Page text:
How Portland has become the epitome of reality in the United States
Between an unrelenting pandemic and unresponsive government, the city of Portland appears to be the beginning of an inevitable social and administrative eruption.
Remember when Donald Trump warned of a civil war if the impeachment against him ended with his departure from power? That was not the first time the U.S. president had fanned the fires of national divisionism, but in retrospect, it seemed a kind of omen.
After the country had seen the video of George Floyd repeatedly claiming his life under the knee of a white police officer, the streets were flooded with people tired of structural racism and abuse of power.
More than thirty days later, that feeling has mutated into a weariness of everything that doesn't work in the American system –including the president.
The best example of this is the situation in the city of Portland.
The government's lack of response to racism in the country has kept the city's people on the streets in a kind of widespread catharsis against the germ of discontent accumulated over months –if not years– in American society.
Earlier this month, in the face of sustained protests, the Department of Homeland Security and the U.S. Marshals Service deployed federal officers to Portland, Oregon, to suppress the protesters, against the will of the state government.
The result has been nothing less than an impromptu pitched battle between those protesting police violence and the officers who respond with more violence.
Social network videos show the excessive use of force by agents dressed in camouflage and without identification, which Senator Jeff Merkley has called "authoritarian" moves by the government.
"Law enforcement agents aren’t targeting protesters who engaged in violence," Ruth Marcus wrote in her column for the Washington Post, "they appear to be sweeping up random people who have exercised their rights under the First Amendment.”
Two federal judges appear to agree with that assertion and have issued two temporary restraining orders to reprimand the Portland police office for likely violations of protesters' rights to free speech and against the use of excessive force, and to order the police to stop arresting journalists and legal observers who seek to document what is happening.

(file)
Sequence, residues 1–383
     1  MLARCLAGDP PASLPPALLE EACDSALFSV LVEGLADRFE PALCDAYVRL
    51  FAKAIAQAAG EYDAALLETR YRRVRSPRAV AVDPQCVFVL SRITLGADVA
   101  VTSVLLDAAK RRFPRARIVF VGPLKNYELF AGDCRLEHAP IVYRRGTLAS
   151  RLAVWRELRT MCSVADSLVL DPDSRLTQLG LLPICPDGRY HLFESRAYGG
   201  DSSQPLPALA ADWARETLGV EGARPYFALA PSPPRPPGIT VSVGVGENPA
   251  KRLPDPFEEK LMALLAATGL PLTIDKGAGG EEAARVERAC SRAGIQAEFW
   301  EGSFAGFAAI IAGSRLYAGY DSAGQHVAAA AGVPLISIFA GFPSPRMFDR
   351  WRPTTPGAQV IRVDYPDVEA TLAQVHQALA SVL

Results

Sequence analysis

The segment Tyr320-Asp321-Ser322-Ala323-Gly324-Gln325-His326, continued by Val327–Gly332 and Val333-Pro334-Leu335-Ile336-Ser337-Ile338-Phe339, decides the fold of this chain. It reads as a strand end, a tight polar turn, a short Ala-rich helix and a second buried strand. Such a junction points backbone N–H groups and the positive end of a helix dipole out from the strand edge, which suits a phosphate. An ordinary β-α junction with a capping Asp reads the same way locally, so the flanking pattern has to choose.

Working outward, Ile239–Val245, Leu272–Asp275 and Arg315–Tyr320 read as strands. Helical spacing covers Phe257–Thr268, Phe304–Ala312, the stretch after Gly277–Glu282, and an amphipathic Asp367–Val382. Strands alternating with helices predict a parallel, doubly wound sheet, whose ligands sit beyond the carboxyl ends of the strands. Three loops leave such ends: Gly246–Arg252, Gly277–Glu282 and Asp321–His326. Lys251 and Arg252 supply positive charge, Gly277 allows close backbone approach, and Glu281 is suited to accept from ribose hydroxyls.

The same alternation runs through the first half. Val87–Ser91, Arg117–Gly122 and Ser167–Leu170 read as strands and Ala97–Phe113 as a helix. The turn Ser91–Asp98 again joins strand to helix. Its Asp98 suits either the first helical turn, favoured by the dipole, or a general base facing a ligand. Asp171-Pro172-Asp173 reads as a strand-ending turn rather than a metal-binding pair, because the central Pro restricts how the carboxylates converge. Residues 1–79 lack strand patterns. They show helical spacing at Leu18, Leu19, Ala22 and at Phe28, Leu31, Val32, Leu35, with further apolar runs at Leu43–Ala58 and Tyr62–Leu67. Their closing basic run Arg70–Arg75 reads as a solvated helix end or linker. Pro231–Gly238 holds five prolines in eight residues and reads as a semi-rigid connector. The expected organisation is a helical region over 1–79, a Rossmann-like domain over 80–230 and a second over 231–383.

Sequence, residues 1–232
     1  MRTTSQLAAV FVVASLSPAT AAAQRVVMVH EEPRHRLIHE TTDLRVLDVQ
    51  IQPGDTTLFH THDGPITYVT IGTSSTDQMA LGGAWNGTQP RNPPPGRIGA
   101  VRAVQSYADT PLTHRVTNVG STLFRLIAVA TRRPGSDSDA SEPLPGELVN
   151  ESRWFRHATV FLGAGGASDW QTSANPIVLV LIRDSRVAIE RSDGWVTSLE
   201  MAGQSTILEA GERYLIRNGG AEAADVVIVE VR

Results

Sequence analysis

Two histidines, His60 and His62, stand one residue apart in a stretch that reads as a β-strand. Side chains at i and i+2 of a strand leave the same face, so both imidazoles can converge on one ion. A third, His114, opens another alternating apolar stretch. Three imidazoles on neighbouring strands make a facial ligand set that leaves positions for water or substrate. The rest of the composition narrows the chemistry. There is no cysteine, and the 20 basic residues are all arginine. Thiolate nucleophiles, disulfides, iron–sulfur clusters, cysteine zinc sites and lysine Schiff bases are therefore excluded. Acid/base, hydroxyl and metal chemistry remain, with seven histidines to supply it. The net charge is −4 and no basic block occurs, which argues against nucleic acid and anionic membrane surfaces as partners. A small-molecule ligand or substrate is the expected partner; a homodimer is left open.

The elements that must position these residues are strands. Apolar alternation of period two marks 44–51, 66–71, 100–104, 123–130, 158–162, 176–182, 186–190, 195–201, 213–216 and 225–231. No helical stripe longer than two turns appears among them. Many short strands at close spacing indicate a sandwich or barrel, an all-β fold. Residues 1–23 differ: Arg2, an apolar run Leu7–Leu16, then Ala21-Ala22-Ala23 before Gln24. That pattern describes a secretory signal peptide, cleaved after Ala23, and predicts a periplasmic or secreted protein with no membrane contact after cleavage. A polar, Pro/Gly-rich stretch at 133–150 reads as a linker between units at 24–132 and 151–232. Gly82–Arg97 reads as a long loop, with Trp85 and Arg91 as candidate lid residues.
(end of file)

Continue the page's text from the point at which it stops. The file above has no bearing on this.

The situation in the city has transformed into the juxtaposition of two duels: that between the local government and the federal authorities, and that of the minority communities against the epidemic of police violence.
The paradox, as Tim Dickinson explains in his article for Rolling Stone, is that this phenomenon arises in a city known for its liberalism and progressiveness.
“This paradox is acute in Portland — but it is alive in metros across America, from Denver to Minneapolis to New York City, where ostensibly liberal mayors allow police departments to operate as a nearly autonomous branch of government, as if beyond their control,” he wrote.
Meanwhile, the White House is only stirring up anger, sending federal troops to incite violence, and give the image of a "strong hand" the president likes so much.
Last Sunday, he tweeted that his administration is "trying to help Portland, not hurt it.”
"Their leadership has, for months, lost control of the anarchists and agitators," he wrote. "They are missing in action. We must protect Federal property AND OUR PEOPLE. These were not merely protesters, these are the real deal!"
Mayor Ted Wheeler responded by rejecting government intervention and asserting that the administration's tactics in his city "are abhorrent," according to NBC News.
"The tactics that the Trump administration is using on the streets of Portland are abhorrent," he said. "People are being literally scooped off the street into unmarked vans, rental cars, apparently. They are being denied probable cause and they're denied due process."
"They don't even know who's pulling them into the vans," he continued. "The people aren't identifying themselves. And, as far as I can see, this is completely unconstitutional."
Agents deployed in Portland have been reported several times for not being identified as required by law, in what many suspect is a government strategy to protect the identity of those who are now authorized to resort to the use of extreme violence without fear of any repercussion.
According to the New York Times, which obtained access to a federal memo, federal agents in Portland "were not specifically trained in riot control or mass demonstrations.”
The document, dated Thursday, was prepared by the agency for Chad F. Wolf, acting secretary of homeland security, who received it upon arrival in Portland to assess the situation.
The memo, which appears to anticipate future meetings with protesters in other cities as the department follows President Trump's lead in suppressing unrest, warns: “Moving forward, if this type of response is going to be the norm, specialized training and standardized equipment should be deployed to responding agencies.”
Among the tactical agents deployed by the Department of Homeland Security are officials from a group known as BORTAC, the Border Patrol equivalent of a S.W.A.T. team, a highly trained group that typically investigates drug-smuggling organizations, unlike city protesters.
Senator Jeff Merkley, D-Oregon, said in a tweet that he and another Oregon Senator, Ron Wyden, will introduce an amendment to the defense bill next week to prevent the Trump administration from "sending its paramilitary squads" onto the streets of the United States, according to the Times.
The protesters, meanwhile, diverted their focus of anger to the presence of federal forces in the city.
In this way, what began as a protest against police violence and structural racism was transformed into a protest against the federal government's abuse of power and the authoritarianism that seems to grow every day in the White House.